A call to encourage curricular research publications by medical students
Ahmed Abu-Zaid, Israa Bamogaddam, Lubna AlBader, Lama AlFakhri and Akram Nurhussen
College of Medicine, Alfaisal University, Riyadh, Saudi Arabia
Submitted: 01/10/2016; Accepted: 03/12/2016; Published: 18/12/2016
Int J Med Educ. 2016; 7:406; doi: 10.5116/ijme.5842.fc6e
© 2016 Ahmed Abu-Zaid et al. This is an Open Access article distributed under the terms of the Creative Commons Attribution License which permits unrestricted use of work provided the original work is properly cited. http://creativecommons.org/licenses/by/3.0
There is a rapidly mounting propensity towards incorporating structured scientific research training into undergraduate medical education.1 As a result, undergraduate medical students participate in various curricular faculty-mentored and student-run scholarly research projects. Some students produce, to a greater degree, technically correct and scientifically sound pieces of literature that can be potentially transformed into valuable publications. However, not many students have the chance to disseminate their curricular research activities through publications to the scientific community. Two legitimate questions pop up in mind: 1) what is the reason behind this production-outcome mismatch, and 2) who should be held responsible?
Student research activities are useless if conducted without knowledge dissemination, favorably through publication in professional peer-reviewed journals. Student research publications should not be viewed as “inferior” scientific evidence as they can provide distinguished intellectual perspectives with a significant contribution to the ever-expanding body of science. This belief is supported by the welcoming of all professional scientific journals to accept research contributions from all researchers, including medical students.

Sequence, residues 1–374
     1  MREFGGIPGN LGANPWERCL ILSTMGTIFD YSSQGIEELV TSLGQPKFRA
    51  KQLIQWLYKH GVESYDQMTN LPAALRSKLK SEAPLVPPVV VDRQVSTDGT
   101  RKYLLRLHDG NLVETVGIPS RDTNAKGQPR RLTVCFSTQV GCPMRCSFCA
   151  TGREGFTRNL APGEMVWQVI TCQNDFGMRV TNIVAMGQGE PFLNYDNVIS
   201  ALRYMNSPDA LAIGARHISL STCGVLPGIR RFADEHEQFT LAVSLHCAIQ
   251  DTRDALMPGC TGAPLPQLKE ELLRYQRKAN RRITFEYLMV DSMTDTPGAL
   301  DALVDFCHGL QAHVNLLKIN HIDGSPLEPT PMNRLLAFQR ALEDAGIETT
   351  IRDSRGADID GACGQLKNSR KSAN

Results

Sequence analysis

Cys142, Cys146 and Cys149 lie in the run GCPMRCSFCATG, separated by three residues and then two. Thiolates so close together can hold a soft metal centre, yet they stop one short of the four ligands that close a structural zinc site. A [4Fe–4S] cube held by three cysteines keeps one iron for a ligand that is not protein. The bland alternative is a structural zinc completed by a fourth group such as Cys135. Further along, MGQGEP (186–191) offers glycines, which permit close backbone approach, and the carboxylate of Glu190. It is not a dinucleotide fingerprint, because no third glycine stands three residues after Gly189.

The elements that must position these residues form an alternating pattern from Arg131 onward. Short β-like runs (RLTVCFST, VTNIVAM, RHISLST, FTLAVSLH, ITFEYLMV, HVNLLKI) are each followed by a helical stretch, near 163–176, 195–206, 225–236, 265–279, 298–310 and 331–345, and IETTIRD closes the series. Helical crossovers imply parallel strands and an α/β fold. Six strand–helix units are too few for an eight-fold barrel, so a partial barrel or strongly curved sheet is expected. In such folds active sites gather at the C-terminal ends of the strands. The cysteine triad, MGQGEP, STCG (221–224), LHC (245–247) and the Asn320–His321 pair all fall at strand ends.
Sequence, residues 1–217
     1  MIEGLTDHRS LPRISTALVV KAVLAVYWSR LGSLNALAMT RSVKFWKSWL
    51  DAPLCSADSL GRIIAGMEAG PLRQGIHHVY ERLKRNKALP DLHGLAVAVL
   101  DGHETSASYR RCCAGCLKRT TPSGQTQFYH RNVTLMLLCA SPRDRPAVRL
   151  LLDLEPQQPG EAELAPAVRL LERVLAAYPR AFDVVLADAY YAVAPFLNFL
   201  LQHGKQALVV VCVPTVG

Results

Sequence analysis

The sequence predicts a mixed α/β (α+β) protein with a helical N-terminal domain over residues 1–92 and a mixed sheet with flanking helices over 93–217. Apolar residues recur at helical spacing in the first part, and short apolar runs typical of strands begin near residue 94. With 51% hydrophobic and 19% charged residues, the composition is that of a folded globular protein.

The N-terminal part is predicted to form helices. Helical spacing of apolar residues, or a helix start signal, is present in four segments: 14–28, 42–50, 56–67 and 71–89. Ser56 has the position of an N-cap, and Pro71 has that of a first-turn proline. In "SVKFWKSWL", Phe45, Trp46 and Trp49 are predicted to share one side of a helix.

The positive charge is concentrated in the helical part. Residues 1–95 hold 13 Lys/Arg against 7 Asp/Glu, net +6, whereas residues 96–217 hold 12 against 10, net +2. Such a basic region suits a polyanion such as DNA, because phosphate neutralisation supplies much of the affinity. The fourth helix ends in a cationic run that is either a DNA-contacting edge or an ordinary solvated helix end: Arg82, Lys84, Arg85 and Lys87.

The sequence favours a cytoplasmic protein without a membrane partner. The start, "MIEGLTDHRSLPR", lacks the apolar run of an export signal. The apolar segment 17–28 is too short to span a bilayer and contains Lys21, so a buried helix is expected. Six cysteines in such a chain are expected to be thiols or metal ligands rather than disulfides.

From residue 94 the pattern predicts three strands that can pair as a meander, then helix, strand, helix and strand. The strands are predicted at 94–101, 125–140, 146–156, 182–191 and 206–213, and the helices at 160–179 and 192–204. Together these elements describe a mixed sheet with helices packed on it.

Medical students should move away from perceiving curricular research activities as mere occasions to simply accomplish tasks and satisfy the grade-related requirements of a particular course or an assignment. Instead, students should aim towards meaningful research outcomes, both qualitatively (learning) and quantitatively (publication). Motivation plays a pivotal role in the process, especially when the student’s motivation is intrinsic (that is, there is an interest in the subject of research and a desire to disseminate findings) rather than extrinsic (that is, there is an interest in only meeting good evaluation requirements). In fact, owning one's research question or any question is apt to lead to true learning and publication. In brief, medical students should develop positive scholarly attitudes to view these curricular research activities as golden opportunities to envision life as quasi-scholars and endeavor to publish their research findings.
Course instructors play central roles in the process, too. They should provide continuous feedback and thorough step-by-step guidance on how students’ research classwork can be translated into layouts suitable for publication in professional scientific journals. Most importantly, the instructors’ feedback to students should be mostly developmental for the sake of learning and maximizing the likelihood of publication (pedagogical) rather than solely judgmental and condemning students to course grades (evaluative). The medical curriculum should substantially reinforce the roles addressed above of course instructors.
Publishing manuscripts during the early years of medical education is correlated with more engagement in future research experiences.2 These future research experiences allow students to advance their research competencies, further deepen their interest in research, and robustly encourage them to consider the largely neglected clinician-investigator and academic medicine professions.2 Even if the medical student does not wish to pursue a research activity/career, one should be well-prepared to read scientific journals critically, as well as to decide on proper clinical decisions based on critical interpretation of scientific evidence. Interesting future research directions include 1) exploring whether research publications should be mandatory core competencies of the medical curriculum, 2) evaluating the outcome of students’ curricular versus extracurricular research publications, and 3) whether students who specifically publish manuscripts are more likely to become future physician-scientists.
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- Lopatto D. Undergraduate research experiences support science career decisions and active learning. CBE Life Sci Educ. 2007; 6: 297-306.
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